When you create a new forest or new domain, you use the Domain Admin credentials. Through the use of the “Administrator” account you can control each and every workstation and server. You can install Exchange, System Center products and much much more. But Microsoft is probably thinking twice now about the framework they have chosen wherein the Administrator is master of your infrastructure.
As the Administrator account is so powerful, it’s a sweet spot for hackers, the target to get. And that’s probably why many people rename the administrator account to Guest (and vice versa) or something else. Many others keep the Administrator name but change the password to a very long one including special characters, but even that seems futile, by the discovery of an advanced hacking technique called Pass The Hash.
So we’ve seen how a trust is setup, and how we can manipulate the domain controllers involved, can we do the same for authentication traffic? The answer would be yes, but why is it a yes, and how is the main question.
While many believe WINS or LMHOSTS can help us on external (non-forest) trusts, we dive into a packet capture that has captured the opening of a fileshare on a remote forest.
For this demo, I have installed a resource server in the forestroot domain, and a RIVER client on the OCEANFLOOR domain.
So I was wondering the following, how do all the domain controllers know that the trust is established, since (see previous post) we cannot accurately say which domain controller is being used..
When we have the same problem with user passwords, the PDC gives the vote whether the password (just changed) for the user is valid. The same seems to apply for Trusts. When running a trace while creating the trust on a “regular” domain controller and not the PDC, we can find out how that is accomplished. For this, I have installed a domain controller called MICHDC01 which is on the (newly created) LAKES site.
In part of the the forest authentication blog post, we’ve seen that a particular path is used depending on Kerberos or NTLM authentication. We’ve also seen that domain controllers rely on other domain controllers of the forest to find the right domain (and thus object in the AD). The question now is, which domain controller of the other forest is used to authenticate the user? What happens during a trust creation, do we really need the PDC emulator? Will LMHOSTS still help us, like it did in the old days?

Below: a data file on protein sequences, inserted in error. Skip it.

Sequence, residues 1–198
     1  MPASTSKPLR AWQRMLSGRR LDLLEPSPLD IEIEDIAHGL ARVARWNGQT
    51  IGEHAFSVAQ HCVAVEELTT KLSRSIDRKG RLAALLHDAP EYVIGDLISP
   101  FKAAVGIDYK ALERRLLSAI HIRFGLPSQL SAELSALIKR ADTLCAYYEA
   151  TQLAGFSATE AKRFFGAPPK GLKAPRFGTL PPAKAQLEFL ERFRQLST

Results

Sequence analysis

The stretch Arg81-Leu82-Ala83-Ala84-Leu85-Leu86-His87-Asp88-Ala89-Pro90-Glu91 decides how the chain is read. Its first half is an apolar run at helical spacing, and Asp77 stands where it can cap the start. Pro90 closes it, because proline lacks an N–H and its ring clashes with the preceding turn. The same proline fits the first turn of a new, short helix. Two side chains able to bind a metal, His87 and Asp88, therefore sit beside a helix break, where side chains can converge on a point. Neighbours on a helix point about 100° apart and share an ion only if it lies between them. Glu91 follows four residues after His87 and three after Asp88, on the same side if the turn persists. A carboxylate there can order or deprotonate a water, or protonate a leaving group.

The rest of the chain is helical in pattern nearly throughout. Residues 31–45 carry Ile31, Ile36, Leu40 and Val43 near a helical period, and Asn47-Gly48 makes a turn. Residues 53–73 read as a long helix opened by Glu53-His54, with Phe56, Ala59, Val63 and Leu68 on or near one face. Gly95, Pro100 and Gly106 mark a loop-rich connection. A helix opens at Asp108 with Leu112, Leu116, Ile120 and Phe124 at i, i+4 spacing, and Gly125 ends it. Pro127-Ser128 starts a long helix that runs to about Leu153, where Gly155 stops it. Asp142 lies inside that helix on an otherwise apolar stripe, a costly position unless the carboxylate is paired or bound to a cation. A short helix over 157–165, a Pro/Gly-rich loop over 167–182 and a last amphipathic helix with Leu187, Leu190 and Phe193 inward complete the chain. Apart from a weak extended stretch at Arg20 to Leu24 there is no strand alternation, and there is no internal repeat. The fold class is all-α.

Those questions we will answer in this series of authentication across trusts part 2, 3 etc..
When using GPP’s to map drives, some of you will notice that some drives are not correctly mapped on the clients. Some users will receive other network mappings (they “sort of” never heard of before) and some network connections are there, but will not be re-attached (device name is already in use).
So you have implemented Active Directory 2008 .. I hope you did some investigation in backup/restore and offcourse you must update your disaster recovery documentation now.. to help you on your way Microsoft has released a new whitepaper on Forest Recovery for Windows 2008… read before and while fixing your AD.. (preferably before ) http://www.microsoft.com/downloads/details.aspx?familyid=326C8A7A-DCAD-4333-9050-A6303FF3155C&displaylang=en
If you want to implement iSCSI it’s best to keep the normal network traffic and the iSCSI traffic apart from each other. And that usually means buying a 2nd switch capable of reaching high speeds and jumbo frames. Off course for production systems I recommend spending a few bucks.. however if you only want iSCSI in you lab, there are easier ways of creating a switch!.
With the release of Windows 2008, the backup mechanism of Windows has also changed. No more NTBackup, but Windows backup, available to your 2008 system as a feature. Also part of that feature is the systemstate backup, you know the one that is utterly Important to restore Domain Controllers. Now the GUI will not let you perform a single systemstate backup (only full backups including everything) and backups can be stored on a network share. But let’s say we want a systemstate backup only?!
The introduction of Windows 2008 brought us the famous Read-Only domain controller, the domain controller without passwords (unless explicitly approved) and one-way replication. That one-way replication also applied to the SYSVOL share. Sysvol is replicated by either FRS or DFSR depending on the initial setup of the domain. If you have upgraded your domain from Windows 2000 or Windows 2003 to Windows 2008 SYSVOL is still using FRS to replicate. When you have initially deployed Windows 2008 and set the forest functional level to use the Windows 2008 standards; DFSR is used. Usually the replication of Sysvol is two-way, you can change the contents on each domain controller and those changes are replicated to all domain controllers.